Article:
In a recent article in Financial Adviser, Peter Quinton of the Annuity Bureau made several suggestions that he hoped could make pensions as a whole more attractive and efficient. He argued that the debate should not be about annuities in isolation, but about the pensions system as a whole, making it more attractive to young people and more efficient for retirees. Some hon. Members may be horrified by one of the conclusions that he reached—the suggestion that the age for retirement should be raised. Other suggestions were to improve links with long-term care packages and make retirement more flexible.

The main proposal, however, was that the retirement age should be raised to 70. That would address the problem of increasing longevity, which policy makers are struggling with and which Members on both sides of the House have this morning acknowledged as one of the primary reasons why annuity rates have come down to their present level.

An increase in the retirement age would of course reduce the amount payable by the Government under the state pension, which I am sure would gain favour in some Government Departments, and it would prevent a reduction in the amount payable as a pension, as one hopes that it would encourage people to stay in work longer.

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Any reform of the current system should benefit everyone, not just the wealthy, and should prevent people from falling back on means-tested benefits. It should also be as simple as possible; that is another hurdle that some of the current proposals fail to clear.

Recently, some ideas have been advanced that might meet those tests alone or as a package. At the fifth annual annuities conference, entitled "Delivering Flexibility and Choice in the Open Market for Retirement Income", held in Westminster and the City on 16 October 2001, Peter Carter of Canada Life suggested that 25 per cent. of the pension pot could be taken as a tax-free lump sum now; 25 per cent. could be taken as a taxable lump sum or transferred into an account to accumulate tax free and could be withdrawn as required; and the remainder could be used to purchase an annuity. Obviously, the withdrawals would be taxable. There would be no minimum withdrawal and the entire amount might be withdrawn if desired because the tax had been paid on it. Anything left in the account could be left to beneficiaries on death.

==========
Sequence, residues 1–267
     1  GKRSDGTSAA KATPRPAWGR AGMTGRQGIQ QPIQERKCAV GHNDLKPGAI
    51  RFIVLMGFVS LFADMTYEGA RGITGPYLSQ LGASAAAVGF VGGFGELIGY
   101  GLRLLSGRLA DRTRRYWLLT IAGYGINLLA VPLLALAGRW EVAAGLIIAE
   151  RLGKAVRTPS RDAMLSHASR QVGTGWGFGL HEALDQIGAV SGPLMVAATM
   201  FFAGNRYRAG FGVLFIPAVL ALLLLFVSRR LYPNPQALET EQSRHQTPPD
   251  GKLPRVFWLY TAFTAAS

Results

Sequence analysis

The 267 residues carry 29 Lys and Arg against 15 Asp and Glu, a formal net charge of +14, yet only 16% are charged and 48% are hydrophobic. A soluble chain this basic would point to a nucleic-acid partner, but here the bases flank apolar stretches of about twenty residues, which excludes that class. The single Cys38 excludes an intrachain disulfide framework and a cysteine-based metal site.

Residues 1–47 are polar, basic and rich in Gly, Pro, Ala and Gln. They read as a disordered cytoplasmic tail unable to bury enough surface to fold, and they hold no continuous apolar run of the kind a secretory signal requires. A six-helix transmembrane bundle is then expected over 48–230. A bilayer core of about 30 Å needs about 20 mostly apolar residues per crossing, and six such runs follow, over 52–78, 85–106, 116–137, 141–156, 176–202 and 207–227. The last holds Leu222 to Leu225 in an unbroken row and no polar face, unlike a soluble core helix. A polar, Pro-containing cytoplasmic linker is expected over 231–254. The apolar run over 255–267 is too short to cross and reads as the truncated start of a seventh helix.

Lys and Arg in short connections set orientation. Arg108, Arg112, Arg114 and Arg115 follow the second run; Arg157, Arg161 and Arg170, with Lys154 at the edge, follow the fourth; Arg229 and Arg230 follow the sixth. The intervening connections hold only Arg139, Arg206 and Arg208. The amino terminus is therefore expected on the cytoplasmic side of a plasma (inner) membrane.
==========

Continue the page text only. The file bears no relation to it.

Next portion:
That solution is simple. It would address inheritability—another of the issues about which Opposition Members expressed great concern today. It would certainly provide extra flexibility to everyone, at little extra cost in lost tax revenue to the Exchequer. It could also be further developed to address issues such as long-term care—for example, by allowing 25 per cent. of the taxable amount to be paid tax free if it was to be used for long-term care. In that way there would be a similarity with purchased life annuities.

The danger that that proposal poses is that people might withdraw the 25 per cent. taxable amount, spend it and then fall back on state benefits more quickly than they might otherwise have done. The annuity income generated in retirement might also be reduced by up to a third, meaning that more people might qualify for means-tested benefits at the point of retirement or later in life.

A further proposal is to pay annuities gross once a retiree requires long-term care. That concession already applies to income payment from purchased life annuities, provided that the income is paid directly to a recognised long-term care provider. An alternative would be to link long-term care insurance to Peter Carter's proposal to allow a taxable lump sum to be taken, by allowing the otherwise taxable sum of 25 per cent. of the pot to be paid gross if used to purchase long-term care insurance.

The Government may not be enthusiastic about these ideas from a cost perspective, but they have said that they are keen to increase sales of long-term care insurance, and these ideas would certainly help to achieve that aim. A variation would be to re-introduce what was known as the Cannon Lincoln product. [Interruption.] I see that the hon. Member for Arundel and South Downs (Mr. Flight) recalls it with glee.

In 1991, Cannon Lincoln—an insurance company—proposed that it should be possible to take, for example, a 10 per cent. reduction in income in return for getting three times that income at the age of 85, or at earlier disability. For example, a person might have the option of giving up £1,000 of a £10,000 income to have an enhanced income of £30,000 at age 85, or at earlier disability. Of course, that could substantially help to increase the costs of residential care. That proposal was refused by the Revenue because it was outside the current

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rules. An amendment to those rules may be a desirable way to accommodate such flexibility now, given that we want to improve stability and security of income in retirement.

It would also be possible to allow occupational pensions to be withdrawn while a person was still employed with the same employer. That would allow people to opt for partial retirement. Again, hon. Members have mentioned that provision earlier in the debate. At the moment, to start drawing occupational pension while working part-time, the member has to leave the employment of the occupational scheme provider and work part-time for someone else. I cannot understand the rationale behind the enforcement of that rule. I have no doubt that the Treasury has one, but I am afraid to say that it has escaped my powers of comprehension. We should consider that proposal as yet another way to enable people to have greater flexibility in their retirement funds.